100,000 Jews Emigrated from Their Countries in 1957, J.D.C. Reports
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100,000 Jews Emigrated from Their Countries in 1957, J.D.C. Reports

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There were more than 100,000 Jewish migrants during 1957–from Hungary, Egypt, Poland, North Africa and elsewhere–and 25,000 of them in European countries will still be in need of aid from the Joint Distribution Committee during 1958, Moses A. Leavitt, JDC executive vice chairman emphasizes in a report prepared for the 43rd annual meeting of the Joint Distribution Committee which takes place here tomorrow.

“More than a half of the 100,000 Jewish migrants were at one time or another the direct concern of the JDC, which had to feed them, clothe, shelter and provide medical care and comfort,” Mr. Leavitt reveals. At the same time the JDC maintained in 1957 a regular program of assistance to about 180,000 others in some 25 countries of the world.

Mr. Leavitt reported that up to October 31, 1957 Israel had admitted nearly 13,500 Egyptian refugees; Latin American countries absorbed 2,050 during the first nine months of the year. “It is hoped that the United States will admit Jewish refugees from Egypt under laws recently adopted,” he added. At the present time there are still some 5,000 refugees in France, 1,100 in The Netherlands and smaller numbers in Greece and Italy.

In France the government supports most of the stateless refugees from Egypt. Holders of foreign passports, however, received assistance from JDC-financed French Jewish agencies, which were providing cash relief to 1,400 persons as late as August. To meet the most difficult problem, that of housing, JDC contributed 15,000,000 francs to a housing fund, with the French Government and the UN contributing like sums.


Reporting on the emigration of Jews from Poland, Mr. Leavitt said that until early March, 1957, Polish Jews repatriated from the Soviet Union were able to leave Poland and it is estimated that some 4,000 of them left for Israel. “Since the Polish-Russian repatriation agreement does not expire until the end of 1958, thousands more are expected to return,” he stressed. “The Jewish repatriates,” he added, “are being settled by the Polish Government in small localities, chiefly in Lower Silesia, but experience great difficulty in adjusting themselves to the new conditions. Housing assigned to them is inadequate; most are unemployed; their children–who do not speak Polish–need special preparation to enter Polish schools.”

Including repatriates, the Jewish population in Poland is estimated at 40,000 to 50,000, the JDC leader said. He reported that the main Jewish organizations in Poland are the Cultural-Social Association, supported by the Government, and the Union of Religious Congregations, representing 23 local religious communities. In mid-October 1957, a Jewish Aid Committee was established, with representatives of these two organizations and of repatriated Jews, in order to direct JDC assistance where it is most needed. The plans drafted by the Aid Committee–and already under way–include the establishment of kindergartens, the feeding of school children, the distribution of medical supplies and the support of a home for the aged in Lodz.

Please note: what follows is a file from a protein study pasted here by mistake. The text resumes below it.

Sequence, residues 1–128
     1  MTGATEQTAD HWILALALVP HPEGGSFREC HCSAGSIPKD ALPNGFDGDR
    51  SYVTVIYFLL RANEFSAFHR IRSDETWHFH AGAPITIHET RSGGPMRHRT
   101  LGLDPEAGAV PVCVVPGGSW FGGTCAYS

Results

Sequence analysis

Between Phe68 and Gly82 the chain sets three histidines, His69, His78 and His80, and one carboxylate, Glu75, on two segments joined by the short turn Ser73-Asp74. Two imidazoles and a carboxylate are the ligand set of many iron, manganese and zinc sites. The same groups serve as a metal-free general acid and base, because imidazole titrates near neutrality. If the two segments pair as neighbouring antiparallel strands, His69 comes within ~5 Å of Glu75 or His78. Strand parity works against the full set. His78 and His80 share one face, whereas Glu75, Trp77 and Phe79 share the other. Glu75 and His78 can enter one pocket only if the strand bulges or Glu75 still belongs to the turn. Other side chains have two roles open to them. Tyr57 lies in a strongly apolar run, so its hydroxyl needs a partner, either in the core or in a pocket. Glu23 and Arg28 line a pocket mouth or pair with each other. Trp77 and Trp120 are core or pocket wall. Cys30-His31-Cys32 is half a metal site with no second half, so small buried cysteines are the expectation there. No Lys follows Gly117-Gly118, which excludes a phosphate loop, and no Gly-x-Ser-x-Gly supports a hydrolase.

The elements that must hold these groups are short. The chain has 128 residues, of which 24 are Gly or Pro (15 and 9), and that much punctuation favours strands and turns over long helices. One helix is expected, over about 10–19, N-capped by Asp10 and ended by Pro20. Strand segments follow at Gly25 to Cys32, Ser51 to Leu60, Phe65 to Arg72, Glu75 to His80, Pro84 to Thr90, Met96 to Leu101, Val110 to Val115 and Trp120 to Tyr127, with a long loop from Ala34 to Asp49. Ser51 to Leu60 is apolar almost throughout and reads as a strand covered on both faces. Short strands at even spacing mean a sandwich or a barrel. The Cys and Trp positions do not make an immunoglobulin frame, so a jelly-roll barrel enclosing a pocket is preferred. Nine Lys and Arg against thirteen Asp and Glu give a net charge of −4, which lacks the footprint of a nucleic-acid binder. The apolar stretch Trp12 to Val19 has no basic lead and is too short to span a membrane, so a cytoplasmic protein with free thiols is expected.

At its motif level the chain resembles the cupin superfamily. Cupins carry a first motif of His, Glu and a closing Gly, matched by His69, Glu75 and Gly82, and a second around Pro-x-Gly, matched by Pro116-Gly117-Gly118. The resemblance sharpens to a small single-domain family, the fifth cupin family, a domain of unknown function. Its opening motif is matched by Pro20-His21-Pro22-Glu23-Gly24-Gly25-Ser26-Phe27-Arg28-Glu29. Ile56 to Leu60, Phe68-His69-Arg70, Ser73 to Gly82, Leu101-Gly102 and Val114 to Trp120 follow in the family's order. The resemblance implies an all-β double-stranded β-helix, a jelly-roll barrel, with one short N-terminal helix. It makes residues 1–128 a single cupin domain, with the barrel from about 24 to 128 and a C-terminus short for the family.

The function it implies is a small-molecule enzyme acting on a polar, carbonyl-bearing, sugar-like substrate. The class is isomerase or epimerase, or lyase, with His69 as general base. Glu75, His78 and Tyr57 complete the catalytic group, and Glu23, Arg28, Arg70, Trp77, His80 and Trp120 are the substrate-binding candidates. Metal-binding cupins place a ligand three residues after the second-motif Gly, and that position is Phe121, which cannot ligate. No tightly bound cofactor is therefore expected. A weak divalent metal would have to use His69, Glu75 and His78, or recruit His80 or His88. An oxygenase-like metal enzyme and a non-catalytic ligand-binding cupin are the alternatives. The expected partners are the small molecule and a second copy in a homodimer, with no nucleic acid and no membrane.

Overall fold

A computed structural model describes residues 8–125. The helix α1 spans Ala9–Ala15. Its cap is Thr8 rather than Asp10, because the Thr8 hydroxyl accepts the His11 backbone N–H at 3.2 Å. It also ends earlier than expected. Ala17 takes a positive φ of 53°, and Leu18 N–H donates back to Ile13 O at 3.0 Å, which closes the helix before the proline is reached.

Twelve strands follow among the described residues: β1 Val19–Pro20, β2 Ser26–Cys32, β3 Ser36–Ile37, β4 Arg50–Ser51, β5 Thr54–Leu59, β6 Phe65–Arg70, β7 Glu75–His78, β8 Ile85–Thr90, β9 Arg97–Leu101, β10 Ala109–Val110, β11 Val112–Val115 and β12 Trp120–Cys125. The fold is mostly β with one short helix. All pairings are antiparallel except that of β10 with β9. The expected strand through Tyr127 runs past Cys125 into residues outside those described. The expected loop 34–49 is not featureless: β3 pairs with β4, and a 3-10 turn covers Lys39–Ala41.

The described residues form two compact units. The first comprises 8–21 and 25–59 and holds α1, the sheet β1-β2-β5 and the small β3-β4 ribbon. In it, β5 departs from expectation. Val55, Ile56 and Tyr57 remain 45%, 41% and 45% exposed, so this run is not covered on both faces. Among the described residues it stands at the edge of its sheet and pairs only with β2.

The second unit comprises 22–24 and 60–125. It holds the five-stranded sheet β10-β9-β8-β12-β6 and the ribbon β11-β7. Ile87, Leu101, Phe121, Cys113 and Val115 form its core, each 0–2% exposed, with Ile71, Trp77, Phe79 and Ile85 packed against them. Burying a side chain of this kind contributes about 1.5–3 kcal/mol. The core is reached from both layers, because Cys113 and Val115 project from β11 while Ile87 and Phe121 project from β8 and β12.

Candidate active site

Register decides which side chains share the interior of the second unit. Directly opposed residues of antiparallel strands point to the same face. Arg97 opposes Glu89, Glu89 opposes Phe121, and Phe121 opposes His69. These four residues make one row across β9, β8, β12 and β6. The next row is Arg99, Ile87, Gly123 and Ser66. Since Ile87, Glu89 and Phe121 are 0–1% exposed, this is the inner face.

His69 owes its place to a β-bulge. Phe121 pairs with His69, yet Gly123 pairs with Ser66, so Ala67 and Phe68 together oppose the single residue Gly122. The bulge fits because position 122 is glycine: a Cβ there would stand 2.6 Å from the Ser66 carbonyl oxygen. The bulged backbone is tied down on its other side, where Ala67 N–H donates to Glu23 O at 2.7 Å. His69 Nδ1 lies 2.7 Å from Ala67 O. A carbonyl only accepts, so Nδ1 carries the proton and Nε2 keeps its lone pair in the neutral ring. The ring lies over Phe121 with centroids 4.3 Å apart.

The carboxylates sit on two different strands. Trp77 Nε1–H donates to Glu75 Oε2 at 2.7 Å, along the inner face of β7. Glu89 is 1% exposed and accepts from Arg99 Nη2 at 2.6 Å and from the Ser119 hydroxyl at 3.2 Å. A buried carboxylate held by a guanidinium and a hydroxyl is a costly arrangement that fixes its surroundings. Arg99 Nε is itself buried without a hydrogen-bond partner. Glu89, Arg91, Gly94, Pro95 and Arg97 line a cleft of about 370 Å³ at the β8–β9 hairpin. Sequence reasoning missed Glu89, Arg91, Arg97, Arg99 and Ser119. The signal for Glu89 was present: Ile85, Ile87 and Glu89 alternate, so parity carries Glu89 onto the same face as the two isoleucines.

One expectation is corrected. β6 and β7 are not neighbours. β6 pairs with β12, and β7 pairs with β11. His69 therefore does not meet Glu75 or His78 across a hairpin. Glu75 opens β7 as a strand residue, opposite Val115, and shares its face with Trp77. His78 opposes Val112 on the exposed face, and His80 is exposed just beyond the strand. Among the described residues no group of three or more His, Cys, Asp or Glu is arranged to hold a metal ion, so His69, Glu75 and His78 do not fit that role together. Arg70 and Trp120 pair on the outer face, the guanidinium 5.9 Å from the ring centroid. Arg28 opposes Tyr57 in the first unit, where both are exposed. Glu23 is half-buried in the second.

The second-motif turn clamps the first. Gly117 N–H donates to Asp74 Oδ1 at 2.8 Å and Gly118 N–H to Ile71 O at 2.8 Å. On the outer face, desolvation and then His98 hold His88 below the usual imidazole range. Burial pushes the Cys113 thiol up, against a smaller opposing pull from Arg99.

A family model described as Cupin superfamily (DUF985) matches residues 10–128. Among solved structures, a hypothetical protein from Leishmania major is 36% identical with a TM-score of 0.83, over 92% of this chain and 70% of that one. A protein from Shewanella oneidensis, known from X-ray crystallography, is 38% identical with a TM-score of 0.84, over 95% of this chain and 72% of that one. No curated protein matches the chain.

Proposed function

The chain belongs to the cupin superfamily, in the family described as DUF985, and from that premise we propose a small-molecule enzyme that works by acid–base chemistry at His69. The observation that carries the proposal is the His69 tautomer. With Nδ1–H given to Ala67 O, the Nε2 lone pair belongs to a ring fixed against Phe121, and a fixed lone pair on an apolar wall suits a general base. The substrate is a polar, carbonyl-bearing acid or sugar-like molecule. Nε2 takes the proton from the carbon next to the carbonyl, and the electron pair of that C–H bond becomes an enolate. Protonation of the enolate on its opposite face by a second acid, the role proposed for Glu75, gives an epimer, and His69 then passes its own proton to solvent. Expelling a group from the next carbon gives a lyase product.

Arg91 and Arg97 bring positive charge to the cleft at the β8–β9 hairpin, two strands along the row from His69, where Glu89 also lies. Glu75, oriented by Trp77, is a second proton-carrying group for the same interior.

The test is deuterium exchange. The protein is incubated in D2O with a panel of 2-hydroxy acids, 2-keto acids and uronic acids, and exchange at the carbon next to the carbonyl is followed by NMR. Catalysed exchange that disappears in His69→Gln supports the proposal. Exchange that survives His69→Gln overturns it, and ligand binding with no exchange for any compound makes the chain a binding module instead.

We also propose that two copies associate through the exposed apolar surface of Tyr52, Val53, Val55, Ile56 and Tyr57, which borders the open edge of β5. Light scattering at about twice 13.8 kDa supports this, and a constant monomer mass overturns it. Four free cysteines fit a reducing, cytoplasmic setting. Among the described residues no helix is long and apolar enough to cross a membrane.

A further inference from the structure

In Israel, JDC aided more than 34,120 persons, with a little fewer than half of them beneficiaries of Malben, the JDC welfare program there, Mr. Leavitt reported. The increased immigration into Israel which resulted from the new waves of refugees was reflected in Malben’s caseload. In the first nine months of the year 547 newcomers from Poland, Egypt and Hungary received direct aid from Malben. However, the numbers of new refugees represented a small part of the total Malben caseload. As of the end of September, Malben employed 2,016 persons, including 106 physicians, 471 nurses and nurses’ aides and 32 social workers. Malben training courses for nurses were attended by 180 persons per month.


Mr. Leavitt also reported in detail on the aid given by the Joint Distribution Committee during 1957 to needy Jews in Austria, Belgium, France, Germany, Italy, Greece Germany, Algeria, Tunisia, Morocco, Iran and other countries.

JDC continued, as in previous years, to provide assistance to refugees in widely scattered parts of the world, including Australia, China, the Dominican Republic, Haiti, the Philippines, Brazil and Uruguay. In all, this group numbered 2,610, the largest number of them in Australia, where 1,900 Jewish refugees from Hungary arrived during the first eight months of 1957. In that country, local JDC-supported Jewish organizations helped 460 persons monthly.

In China, the JDC-supported Council of the Jewish Community of Shanghai provides cash relief for 120 a month, medical aid for 50 persons and maintains a small home for the aged. The total number of Jews registered with all Jewish communities in China amounted to 397 persons as of June 30, Mr. Leavitt reported.


Charles H. Jordan, director general of the JDC for overseas operations, said in his report to the annual meeting that” in all the world there are some 200,000 Jews so greatly in need that they must have the aid of the Joint Distribution Committee in 1958.” He reviewed the JDC requirements for the coming year and predicted that in addition to 10,000

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